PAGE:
Can someone keep your belongings after you move if you lived with them temporarily?

UPDATED: Mar 31, 2012

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Can someone keep your belongings after you move if you lived with them temporarily?

I moved into a friend’s house for about a month and a half without signing a lease or agreeing to pay rent. After that time I moved in with my girlfriend but kept my stuff at my friend’s house; he never asked me to get it out. About 4 months later he served me with papers to pay $2300 or forfeit my stuff. I couldn’t pay it so I don’t have my stuff. He also didn’t give me 30 days so I was wondering what my options were and how to go about getting my stuff back.

Asked on March 31, 2012 under Real Estate Law, California


SJZ, Member, New York Bar / FreeAdvice Contributing Attorney

Answered 10 years ago | Contributor

1) Even if you legitimately owed your friend money, he could not simply keep your belongings (or "hold them hostage") unless and only if you had used the belongings as collateral for what you owed him. Otherwise, if he thinks you owe him money, his recourse is to sue you.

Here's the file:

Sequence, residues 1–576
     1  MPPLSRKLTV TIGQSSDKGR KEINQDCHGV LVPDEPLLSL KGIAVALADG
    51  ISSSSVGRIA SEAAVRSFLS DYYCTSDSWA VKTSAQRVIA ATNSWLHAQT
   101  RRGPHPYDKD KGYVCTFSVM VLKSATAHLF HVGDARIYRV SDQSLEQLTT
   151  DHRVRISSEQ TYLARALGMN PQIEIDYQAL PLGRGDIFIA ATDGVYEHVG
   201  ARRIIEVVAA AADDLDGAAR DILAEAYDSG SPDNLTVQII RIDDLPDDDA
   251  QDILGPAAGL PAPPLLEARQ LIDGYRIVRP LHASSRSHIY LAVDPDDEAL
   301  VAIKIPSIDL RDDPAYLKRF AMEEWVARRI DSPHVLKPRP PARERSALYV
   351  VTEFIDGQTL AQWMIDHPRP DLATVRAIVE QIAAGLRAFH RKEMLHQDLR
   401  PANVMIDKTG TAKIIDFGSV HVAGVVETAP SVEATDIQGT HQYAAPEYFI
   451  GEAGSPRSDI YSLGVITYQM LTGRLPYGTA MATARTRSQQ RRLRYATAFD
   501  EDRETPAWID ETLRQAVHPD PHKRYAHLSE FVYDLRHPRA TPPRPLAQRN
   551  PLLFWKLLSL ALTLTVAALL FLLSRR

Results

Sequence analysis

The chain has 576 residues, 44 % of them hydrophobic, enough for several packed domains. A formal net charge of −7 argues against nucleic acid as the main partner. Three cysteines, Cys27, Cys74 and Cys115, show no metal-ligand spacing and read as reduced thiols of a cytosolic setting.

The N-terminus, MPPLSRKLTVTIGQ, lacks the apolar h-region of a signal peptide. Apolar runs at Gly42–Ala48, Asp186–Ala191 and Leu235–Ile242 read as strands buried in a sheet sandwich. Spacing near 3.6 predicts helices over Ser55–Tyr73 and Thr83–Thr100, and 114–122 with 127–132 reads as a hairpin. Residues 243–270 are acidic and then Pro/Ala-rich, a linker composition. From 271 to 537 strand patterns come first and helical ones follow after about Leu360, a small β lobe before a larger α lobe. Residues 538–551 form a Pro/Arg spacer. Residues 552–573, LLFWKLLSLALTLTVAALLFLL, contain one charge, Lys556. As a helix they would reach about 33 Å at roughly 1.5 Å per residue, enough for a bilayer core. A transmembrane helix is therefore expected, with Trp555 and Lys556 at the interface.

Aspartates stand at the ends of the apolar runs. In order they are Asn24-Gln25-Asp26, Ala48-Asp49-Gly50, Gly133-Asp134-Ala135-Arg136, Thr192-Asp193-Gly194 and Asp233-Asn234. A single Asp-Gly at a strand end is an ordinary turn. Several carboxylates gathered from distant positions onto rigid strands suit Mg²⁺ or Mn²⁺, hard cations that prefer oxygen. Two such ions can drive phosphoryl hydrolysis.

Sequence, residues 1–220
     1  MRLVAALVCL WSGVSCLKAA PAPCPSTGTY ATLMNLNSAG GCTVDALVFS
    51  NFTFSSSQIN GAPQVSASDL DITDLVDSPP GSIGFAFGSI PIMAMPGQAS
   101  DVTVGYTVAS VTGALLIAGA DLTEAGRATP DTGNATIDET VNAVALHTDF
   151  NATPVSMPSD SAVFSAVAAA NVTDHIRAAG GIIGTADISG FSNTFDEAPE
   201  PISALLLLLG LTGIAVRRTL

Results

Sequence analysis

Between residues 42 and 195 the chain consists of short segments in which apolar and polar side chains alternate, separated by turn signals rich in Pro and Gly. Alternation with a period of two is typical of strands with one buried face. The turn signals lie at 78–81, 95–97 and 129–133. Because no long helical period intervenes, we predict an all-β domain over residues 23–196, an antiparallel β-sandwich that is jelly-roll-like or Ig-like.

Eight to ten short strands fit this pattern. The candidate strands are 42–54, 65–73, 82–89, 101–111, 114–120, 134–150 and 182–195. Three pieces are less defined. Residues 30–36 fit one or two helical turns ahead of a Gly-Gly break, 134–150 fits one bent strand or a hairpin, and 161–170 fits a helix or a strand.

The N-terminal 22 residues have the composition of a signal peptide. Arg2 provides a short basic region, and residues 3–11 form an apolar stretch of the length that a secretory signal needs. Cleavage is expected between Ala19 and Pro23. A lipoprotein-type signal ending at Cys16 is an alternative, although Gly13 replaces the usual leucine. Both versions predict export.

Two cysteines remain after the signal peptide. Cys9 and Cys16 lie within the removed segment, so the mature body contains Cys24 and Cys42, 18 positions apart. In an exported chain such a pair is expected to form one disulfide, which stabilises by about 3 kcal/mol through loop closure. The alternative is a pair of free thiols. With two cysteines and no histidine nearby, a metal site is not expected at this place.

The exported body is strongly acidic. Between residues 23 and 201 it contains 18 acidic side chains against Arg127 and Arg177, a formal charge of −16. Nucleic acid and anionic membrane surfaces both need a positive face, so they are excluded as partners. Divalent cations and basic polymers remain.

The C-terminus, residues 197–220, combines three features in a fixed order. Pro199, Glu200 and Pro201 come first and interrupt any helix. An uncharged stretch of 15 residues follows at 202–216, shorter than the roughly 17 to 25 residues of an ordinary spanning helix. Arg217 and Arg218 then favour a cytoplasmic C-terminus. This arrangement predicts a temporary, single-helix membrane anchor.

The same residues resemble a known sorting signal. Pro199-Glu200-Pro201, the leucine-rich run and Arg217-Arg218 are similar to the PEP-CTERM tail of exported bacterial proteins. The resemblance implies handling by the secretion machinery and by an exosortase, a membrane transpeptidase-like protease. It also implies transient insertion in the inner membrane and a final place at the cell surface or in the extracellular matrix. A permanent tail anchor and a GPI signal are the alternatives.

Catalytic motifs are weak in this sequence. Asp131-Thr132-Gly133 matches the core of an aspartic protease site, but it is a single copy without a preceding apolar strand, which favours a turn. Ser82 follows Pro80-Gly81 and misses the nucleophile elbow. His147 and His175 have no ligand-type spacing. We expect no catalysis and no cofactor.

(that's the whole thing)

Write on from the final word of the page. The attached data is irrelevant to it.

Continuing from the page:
2) You would not owe him any money if he had allowed you to stay (and keep your belongings there) rent free or without paying; he may not after the fact decide that he should have charged you money and change the agreement or arrangement.

If your "friend" will not return your belongings, you would seek their return by suing him for their return or for their monetary value.

Of course, lawsuits cost money and take time--since you did store belongings at his place (which would have cost you money, had you, for example, put them instead in a self-storage facility), you may wish to try to negotiate with him and see if you can't pay him a fair amount (e.g. what four months in self-storage would cost) to settle the matter out of court.

IMPORTANT NOTICE: The Answer(s) provided above are for general information only. The attorney providing the answer was not serving as the attorney for the person submitting the question or in any attorney-client relationship with such person. Laws may vary from state to state, and sometimes change. Tiny variations in the facts, or a fact not set forth in a question, often can change a legal outcome or an attorney's conclusion. Although has verified the attorney was admitted to practice law in at least one jurisdiction, he or she may not be authorized to practice law in the jurisdiction referred to in the question, nor is he or she necessarily experienced in the area of the law involved. Unlike the information in the Answer(s) above, upon which you should NOT rely, for personal advice you can rely upon we suggest you retain an attorney to represent you.

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